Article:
So, I have a limited presence on social media, by choice (I use them enough on the job and take a step back in my personal life), but I did follow some of the latest elections (#elxn42). That hashtag was everywhere, so you couldn’t ignore it, and given it was the longest campaign in Canada’s history, I figured I had some things to learn!
I decided to dig up some data with the help of colleagues and the data make you wonder if elections are won with social media nowadays… what do you think?
Disclaimer: this is in no way a political post, just a gathering of social media stats and tactics.
The Huffington Post’s article Canada’s First Digital Election Will Change How Campaigns Court Votes sumed the change between 2011 and 2015 pretty well : ˝In the four years since Canada’s last federal election, digital marketing has gone from the awkward teen at the table, to a full and equal member of the board˝. It’s actually a pretty interesting article as a whole and it was written during the campaign so it’s interesting to see how it really turned out!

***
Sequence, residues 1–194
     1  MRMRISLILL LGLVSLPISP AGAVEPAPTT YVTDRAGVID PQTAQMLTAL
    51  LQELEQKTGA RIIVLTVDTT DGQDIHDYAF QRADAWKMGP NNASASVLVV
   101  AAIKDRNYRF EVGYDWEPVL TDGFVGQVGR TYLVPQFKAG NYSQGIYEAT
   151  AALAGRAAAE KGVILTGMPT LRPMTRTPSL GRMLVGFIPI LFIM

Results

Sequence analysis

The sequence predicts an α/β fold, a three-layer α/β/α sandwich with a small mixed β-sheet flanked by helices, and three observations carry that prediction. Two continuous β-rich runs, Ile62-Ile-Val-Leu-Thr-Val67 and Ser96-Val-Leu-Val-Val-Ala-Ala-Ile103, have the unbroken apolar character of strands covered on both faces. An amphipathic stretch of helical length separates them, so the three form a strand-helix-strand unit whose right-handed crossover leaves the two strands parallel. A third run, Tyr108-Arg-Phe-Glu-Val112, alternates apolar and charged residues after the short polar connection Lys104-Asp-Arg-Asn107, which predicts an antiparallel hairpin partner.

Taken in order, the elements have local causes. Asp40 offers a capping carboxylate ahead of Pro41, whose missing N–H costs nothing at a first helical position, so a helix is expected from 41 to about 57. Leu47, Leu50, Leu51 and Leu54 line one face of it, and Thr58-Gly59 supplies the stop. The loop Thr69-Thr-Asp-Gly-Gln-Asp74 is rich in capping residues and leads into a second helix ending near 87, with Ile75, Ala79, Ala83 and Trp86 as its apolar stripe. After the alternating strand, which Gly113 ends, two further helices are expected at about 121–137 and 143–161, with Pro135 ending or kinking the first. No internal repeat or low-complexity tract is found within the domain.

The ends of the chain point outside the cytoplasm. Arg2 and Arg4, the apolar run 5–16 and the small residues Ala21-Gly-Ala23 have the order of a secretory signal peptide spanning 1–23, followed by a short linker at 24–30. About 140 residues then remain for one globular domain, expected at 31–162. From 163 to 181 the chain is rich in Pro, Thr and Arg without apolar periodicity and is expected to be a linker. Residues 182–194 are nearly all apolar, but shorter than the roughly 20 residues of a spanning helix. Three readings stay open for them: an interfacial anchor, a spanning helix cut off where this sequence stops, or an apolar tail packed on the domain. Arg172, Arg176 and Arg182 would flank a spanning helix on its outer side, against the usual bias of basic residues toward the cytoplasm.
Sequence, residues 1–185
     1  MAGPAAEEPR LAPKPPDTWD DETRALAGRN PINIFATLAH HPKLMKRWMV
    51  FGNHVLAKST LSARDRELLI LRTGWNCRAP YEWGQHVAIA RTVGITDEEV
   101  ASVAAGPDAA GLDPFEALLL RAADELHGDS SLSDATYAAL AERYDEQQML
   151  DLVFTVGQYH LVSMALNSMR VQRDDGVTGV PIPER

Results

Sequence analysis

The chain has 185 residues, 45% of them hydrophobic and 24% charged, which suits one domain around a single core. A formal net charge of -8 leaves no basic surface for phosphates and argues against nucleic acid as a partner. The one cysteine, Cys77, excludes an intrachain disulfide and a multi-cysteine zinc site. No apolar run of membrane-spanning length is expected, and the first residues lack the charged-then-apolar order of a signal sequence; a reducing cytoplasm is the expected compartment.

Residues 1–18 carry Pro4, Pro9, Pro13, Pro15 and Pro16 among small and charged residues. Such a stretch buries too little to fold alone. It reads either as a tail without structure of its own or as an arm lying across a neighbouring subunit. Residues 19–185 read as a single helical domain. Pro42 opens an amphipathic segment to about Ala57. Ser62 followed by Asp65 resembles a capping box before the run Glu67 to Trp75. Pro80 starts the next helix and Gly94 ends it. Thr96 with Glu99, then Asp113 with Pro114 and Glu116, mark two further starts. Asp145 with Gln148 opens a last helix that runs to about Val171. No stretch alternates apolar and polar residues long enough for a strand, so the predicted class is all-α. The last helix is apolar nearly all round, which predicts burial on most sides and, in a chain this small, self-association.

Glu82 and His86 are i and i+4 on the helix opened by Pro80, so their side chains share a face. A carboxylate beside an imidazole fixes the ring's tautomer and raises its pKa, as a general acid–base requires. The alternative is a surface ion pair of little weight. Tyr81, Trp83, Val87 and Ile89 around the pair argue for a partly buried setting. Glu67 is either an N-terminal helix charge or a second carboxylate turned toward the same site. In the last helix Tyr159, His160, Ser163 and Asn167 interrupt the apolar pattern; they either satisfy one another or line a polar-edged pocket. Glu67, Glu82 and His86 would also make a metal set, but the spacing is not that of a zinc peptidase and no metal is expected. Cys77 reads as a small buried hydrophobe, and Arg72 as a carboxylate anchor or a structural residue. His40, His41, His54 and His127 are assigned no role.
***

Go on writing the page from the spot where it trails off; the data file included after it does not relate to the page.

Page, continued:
There were four times more tweets in 2015 than in 2011. Mentions of #elxn41 during the campaign was about 715,000 and 96,000 on Election Day. Mentions of #elxn42 during the campaign was over 3,400,000 and on Elections day was over 470,000.
The Liberal party was on more social media networks than the Conservative Party and the NDP together. PM Trudeau was on nine different networks, compared to four each for Mr. Harper and Mr. Mulcair.
Social media tactics included the more obvious and erm… quasi-traditional… ads, as well as Facebook Q&As, but even plaforms were launched live on Facebook.
Then, I saw that some parties engaged into Ask Me Anything events on Reddit… That, I find more risky but also more rewarding, I think. When you can’t hide anywhere and you commit to answering ANY question, I think it can get very tricky. That being said, if you can pull that off, you’re most likely earning votes! If not, then it can break a candidate’s campaign and election!
I also did some research on Change.org. It looks like even the petitions became a social media tool. Party leaders replied to the petitions during the campaign (for example, the Canada Post door to door delivery).
I don’t think the 2015 elections were ruled by social media, but it definitely became a lot more prominent. I think all parties had good return on investment, which makes it worth their while. I think compared to the United States we still have time to grow, but we’re making leaps and bounds. Our mindset is changing as we’re better social media users. Who knows what 2019 elections will be like?
Source of the picture: Social Media Lab, http://socialmedialab.ca/2015/leading-vs-bridging-top-ten-influential-tweeps/